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Why Is Phonics Important?

A child who is learning phonics is learning how to recognize the underlying sounds as he reads and spells the word, whereas a child who is learning to read through the ‘look and say’ method may not have the ability to derive the pronunciation of a word from its letters. Overall, a well-rounded reading program will have elements of both phonics and whole-word teaching, enabling a child to better understand how words are created and structured. Because phonics helps to build reading confidence, a child who has learned his phonics is more likely to see reading as easy and will be more willing to try reading new words that are phonetically similar to words he finds in his existing reading scheme. He will also begin to see patterns and rules in his language.


Phonics also provides a good base for understanding other concepts such as:


Pronouncing new words correctly allows children to see these words in print and therefore increase their vocabulary.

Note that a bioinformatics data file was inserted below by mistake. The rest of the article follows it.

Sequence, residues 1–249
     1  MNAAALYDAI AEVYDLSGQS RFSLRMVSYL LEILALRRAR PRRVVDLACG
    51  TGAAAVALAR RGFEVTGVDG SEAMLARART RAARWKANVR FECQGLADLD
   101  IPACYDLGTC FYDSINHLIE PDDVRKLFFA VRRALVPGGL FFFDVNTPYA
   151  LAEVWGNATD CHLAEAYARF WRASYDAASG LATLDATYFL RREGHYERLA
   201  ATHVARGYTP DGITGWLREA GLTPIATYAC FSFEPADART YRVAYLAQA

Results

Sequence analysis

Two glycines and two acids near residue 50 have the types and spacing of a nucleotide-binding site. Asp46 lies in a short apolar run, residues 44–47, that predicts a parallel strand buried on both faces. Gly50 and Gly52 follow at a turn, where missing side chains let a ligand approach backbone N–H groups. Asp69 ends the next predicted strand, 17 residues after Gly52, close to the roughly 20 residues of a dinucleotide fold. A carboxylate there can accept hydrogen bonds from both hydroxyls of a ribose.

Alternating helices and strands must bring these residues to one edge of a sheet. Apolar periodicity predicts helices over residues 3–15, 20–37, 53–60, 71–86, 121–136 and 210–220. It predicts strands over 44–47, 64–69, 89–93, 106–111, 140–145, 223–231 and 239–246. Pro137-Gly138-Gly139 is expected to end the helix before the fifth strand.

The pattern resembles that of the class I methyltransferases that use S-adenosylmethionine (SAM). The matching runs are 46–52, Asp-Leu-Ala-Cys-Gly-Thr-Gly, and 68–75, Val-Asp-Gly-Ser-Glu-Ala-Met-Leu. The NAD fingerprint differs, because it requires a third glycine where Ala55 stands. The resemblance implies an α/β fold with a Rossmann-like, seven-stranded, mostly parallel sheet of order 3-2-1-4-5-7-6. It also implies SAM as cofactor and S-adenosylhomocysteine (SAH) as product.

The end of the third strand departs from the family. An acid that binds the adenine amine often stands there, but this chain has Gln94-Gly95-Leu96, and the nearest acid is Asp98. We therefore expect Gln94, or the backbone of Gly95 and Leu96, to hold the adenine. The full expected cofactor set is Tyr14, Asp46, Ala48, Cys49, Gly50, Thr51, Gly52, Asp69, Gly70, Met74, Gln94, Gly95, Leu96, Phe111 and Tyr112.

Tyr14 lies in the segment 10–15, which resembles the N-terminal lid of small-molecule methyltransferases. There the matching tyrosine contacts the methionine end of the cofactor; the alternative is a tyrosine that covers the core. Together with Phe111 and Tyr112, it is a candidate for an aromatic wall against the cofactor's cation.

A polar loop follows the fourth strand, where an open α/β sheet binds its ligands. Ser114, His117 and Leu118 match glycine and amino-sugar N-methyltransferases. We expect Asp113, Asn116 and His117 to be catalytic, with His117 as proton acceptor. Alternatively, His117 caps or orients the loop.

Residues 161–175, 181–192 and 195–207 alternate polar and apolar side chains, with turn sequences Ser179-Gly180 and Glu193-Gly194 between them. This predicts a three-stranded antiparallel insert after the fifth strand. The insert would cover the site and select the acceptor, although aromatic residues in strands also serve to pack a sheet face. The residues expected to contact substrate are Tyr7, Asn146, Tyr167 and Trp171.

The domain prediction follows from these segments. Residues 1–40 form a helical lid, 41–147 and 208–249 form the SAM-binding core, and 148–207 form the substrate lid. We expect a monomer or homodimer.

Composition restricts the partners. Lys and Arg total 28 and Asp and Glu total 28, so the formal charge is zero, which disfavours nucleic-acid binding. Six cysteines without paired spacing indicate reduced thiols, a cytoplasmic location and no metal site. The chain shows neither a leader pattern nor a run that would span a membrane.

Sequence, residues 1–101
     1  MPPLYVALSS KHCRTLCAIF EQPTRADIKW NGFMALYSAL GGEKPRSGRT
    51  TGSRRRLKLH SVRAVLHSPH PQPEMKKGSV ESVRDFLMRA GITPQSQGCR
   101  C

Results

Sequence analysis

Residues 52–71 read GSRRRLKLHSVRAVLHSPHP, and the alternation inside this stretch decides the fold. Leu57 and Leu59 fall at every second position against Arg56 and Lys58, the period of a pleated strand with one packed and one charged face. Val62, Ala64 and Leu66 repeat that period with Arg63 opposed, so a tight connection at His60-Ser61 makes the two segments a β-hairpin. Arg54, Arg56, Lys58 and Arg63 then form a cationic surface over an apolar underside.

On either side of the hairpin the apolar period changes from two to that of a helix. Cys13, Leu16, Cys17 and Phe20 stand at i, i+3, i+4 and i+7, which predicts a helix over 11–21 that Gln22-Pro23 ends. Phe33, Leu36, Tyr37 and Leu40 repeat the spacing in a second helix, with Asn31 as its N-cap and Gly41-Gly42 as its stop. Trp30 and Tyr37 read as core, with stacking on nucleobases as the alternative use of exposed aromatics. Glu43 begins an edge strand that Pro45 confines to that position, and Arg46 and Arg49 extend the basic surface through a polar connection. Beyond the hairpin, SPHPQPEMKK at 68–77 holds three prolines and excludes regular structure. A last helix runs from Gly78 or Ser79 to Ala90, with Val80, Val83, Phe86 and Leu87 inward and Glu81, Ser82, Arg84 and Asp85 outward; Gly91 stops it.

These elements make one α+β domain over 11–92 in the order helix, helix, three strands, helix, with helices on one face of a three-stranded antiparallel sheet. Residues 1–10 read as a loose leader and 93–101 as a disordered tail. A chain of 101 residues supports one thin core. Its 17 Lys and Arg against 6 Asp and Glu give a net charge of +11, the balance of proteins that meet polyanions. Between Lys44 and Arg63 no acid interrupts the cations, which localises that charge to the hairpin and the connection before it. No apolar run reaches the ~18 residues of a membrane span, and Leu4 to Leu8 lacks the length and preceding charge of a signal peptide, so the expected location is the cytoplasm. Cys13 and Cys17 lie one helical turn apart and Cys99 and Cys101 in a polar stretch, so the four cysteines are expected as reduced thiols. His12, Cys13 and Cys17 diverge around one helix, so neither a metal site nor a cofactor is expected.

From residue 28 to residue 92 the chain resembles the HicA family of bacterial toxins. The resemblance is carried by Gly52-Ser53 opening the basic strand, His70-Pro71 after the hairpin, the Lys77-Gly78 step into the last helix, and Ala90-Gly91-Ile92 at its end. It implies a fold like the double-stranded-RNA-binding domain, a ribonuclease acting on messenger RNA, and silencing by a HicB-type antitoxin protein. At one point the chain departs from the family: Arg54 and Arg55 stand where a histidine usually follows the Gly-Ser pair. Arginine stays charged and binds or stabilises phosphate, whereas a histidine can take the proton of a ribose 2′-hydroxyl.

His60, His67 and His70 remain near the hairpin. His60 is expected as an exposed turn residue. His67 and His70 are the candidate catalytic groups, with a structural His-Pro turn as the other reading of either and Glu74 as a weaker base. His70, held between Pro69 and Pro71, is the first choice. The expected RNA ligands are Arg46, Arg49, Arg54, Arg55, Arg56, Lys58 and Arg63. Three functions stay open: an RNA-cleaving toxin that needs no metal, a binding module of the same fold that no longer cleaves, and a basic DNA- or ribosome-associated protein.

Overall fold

Take it from me, a child who learned phonics slowly and a teacher who worked intensively with the same child until he got it: knowing phonics means that you read more quickly because you don’t have to puzzle over what each word says. You can concentrate on what the words say.

Syllables: When kids are learning how to break down big words into smaller parts (syllables) it helps them when they are writing.


Common spelling rules: Having a grasp of phonics gives students the ability to apply phonics rules such as ‘i before e except after c’ correctly.


Grammar: The ability to combine sounds prompts children to consider how to string sentences into paragraphs.


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